Clinical knowledge and skills acquired during training programs like Helping Babies Breathe (HBB) and Essential Care for Every Baby (ECEB) decay within weeks or months. We assessed the effect of a peer learning intervention paired with mentorship on retention of HBB and ECEB skills, knowledge, and teamwork in 5 districts of Uganda.


We randomized participants from 36 Ugandan health centers to control and intervention arms. Intervention participants received HBB and ECEB training, a 1 day peer learning course, peer practice scenarios for facility-based practice, and mentorship visits at 2 to 3 and 6 to 7 months. Control arm participants received HBB and ECEB training alone. We assessed clinical skills, knowledge, and teamwork immediately before and after HBB/ECEB training and at 12 months.


Peer learning (intervention) participants demonstrated higher HBB and ECEB skills scores at 12 months compared with control (HBB: intervention, 57.9%, control, 48.5%, P = .007; ECEB: intervention, 61.7%, control, 49.9%, P = .004). Knowledge scores decayed in both arms (intervention after course 91.1%, at 12 months 84%, P = .0001; control after course 90.9%, at 12 months 82.9%, P = .0001). This decay at 12 months was not significantly different (intervention 84%, control 82.9%, P = .24). Teamwork skills were similar in both arms immediately after training and at 12 months (intervention after course 72.9%, control after course 67.2%, P = .02; intervention at 12 months 70.7%, control at 12 months 67.9%, P = .19).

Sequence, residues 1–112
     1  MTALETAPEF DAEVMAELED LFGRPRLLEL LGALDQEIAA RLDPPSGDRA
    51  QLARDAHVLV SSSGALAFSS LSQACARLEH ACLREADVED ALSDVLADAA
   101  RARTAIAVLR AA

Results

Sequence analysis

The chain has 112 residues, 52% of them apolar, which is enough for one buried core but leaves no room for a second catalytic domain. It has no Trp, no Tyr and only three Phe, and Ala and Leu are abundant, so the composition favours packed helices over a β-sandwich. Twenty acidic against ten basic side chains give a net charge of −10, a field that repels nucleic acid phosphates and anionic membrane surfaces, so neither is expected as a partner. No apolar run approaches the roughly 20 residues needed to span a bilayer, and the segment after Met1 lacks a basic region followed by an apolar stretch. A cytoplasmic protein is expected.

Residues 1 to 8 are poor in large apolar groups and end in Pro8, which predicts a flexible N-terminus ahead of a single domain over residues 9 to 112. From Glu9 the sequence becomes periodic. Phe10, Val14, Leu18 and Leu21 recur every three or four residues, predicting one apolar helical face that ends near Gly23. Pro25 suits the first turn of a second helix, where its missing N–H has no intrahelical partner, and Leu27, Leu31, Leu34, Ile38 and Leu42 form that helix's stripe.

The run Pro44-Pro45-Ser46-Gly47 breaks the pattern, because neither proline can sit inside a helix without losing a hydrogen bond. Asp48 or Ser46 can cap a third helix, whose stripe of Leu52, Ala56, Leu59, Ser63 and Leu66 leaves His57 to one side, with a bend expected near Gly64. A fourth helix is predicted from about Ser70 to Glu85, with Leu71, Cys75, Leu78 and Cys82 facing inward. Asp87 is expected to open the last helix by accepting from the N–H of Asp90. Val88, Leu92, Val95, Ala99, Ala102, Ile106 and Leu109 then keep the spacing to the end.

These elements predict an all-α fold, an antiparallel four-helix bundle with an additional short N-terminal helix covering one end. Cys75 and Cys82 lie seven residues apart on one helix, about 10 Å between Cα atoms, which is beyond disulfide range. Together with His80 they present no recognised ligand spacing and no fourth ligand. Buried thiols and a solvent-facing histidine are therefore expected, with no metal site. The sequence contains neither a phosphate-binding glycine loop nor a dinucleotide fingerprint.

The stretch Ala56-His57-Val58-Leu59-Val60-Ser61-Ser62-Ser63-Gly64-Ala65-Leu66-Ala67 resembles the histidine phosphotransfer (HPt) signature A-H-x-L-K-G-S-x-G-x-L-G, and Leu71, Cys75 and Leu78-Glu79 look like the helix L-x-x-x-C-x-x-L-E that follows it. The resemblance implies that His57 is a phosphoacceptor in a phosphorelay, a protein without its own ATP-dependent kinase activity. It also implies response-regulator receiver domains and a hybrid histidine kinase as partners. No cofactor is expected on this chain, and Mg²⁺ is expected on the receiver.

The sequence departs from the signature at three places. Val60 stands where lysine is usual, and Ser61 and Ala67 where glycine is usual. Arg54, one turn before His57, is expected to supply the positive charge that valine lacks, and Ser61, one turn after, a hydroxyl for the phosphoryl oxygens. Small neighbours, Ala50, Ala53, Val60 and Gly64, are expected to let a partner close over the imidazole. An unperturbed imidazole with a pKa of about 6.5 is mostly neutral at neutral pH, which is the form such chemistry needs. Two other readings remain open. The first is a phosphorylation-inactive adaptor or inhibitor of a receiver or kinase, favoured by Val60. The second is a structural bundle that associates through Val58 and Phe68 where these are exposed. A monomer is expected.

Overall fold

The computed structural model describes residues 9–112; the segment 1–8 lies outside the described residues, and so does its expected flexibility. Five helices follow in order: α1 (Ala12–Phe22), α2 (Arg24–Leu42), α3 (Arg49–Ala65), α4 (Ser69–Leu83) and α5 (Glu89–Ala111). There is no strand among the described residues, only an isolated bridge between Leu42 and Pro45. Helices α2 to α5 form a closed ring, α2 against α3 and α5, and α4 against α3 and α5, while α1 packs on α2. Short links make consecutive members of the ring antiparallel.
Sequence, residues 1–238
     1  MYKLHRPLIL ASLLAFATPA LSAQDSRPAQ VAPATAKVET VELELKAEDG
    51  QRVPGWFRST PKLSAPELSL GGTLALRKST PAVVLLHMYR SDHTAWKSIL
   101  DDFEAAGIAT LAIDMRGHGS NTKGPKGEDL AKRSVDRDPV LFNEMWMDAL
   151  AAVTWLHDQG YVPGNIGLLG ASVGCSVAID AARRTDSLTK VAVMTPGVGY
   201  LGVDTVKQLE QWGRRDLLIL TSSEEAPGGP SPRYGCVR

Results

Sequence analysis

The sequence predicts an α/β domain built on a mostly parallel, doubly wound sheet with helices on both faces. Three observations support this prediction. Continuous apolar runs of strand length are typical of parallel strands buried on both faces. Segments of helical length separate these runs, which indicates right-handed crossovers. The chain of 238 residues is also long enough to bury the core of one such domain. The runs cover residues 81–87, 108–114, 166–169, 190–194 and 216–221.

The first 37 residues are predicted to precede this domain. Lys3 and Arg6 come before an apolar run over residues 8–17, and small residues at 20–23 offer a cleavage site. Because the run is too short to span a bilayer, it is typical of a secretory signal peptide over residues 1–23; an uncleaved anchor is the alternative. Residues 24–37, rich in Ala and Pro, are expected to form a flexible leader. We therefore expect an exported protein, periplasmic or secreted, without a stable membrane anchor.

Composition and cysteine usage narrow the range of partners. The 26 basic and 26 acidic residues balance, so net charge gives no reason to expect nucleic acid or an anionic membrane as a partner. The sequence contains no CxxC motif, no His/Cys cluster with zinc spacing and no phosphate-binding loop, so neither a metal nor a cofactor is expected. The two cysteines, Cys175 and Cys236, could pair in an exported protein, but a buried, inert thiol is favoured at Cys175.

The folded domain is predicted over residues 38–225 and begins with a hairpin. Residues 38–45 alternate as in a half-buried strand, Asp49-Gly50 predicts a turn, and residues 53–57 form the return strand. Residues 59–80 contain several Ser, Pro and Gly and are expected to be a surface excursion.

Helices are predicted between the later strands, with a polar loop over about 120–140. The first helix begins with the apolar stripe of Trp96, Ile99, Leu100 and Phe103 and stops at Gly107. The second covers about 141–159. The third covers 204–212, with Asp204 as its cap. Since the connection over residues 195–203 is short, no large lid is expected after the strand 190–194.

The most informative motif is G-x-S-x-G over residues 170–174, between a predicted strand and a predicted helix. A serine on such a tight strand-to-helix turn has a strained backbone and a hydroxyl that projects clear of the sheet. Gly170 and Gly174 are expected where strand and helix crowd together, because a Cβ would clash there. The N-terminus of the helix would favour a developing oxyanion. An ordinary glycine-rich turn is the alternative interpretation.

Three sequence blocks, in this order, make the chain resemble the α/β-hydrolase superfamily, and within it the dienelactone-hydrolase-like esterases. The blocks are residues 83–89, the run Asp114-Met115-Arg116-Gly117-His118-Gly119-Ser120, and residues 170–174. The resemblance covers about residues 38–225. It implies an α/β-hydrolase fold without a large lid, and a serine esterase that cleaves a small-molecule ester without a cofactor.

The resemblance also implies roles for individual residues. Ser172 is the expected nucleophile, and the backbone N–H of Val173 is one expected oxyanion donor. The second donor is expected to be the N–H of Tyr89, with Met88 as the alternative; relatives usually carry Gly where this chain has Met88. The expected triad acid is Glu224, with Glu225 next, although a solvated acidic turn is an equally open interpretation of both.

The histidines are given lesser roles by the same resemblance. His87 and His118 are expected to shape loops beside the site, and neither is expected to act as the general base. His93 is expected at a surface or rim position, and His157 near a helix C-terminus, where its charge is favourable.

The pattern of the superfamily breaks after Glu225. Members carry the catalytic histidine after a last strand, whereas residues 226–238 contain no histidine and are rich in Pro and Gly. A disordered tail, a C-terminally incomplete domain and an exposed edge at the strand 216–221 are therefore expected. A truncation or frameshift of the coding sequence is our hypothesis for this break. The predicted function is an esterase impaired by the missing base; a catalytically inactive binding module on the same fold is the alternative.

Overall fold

A peer learning intervention resulted in improved HBB and ECEB skills retention after 12 months compared with HBB and ECEB training alone.

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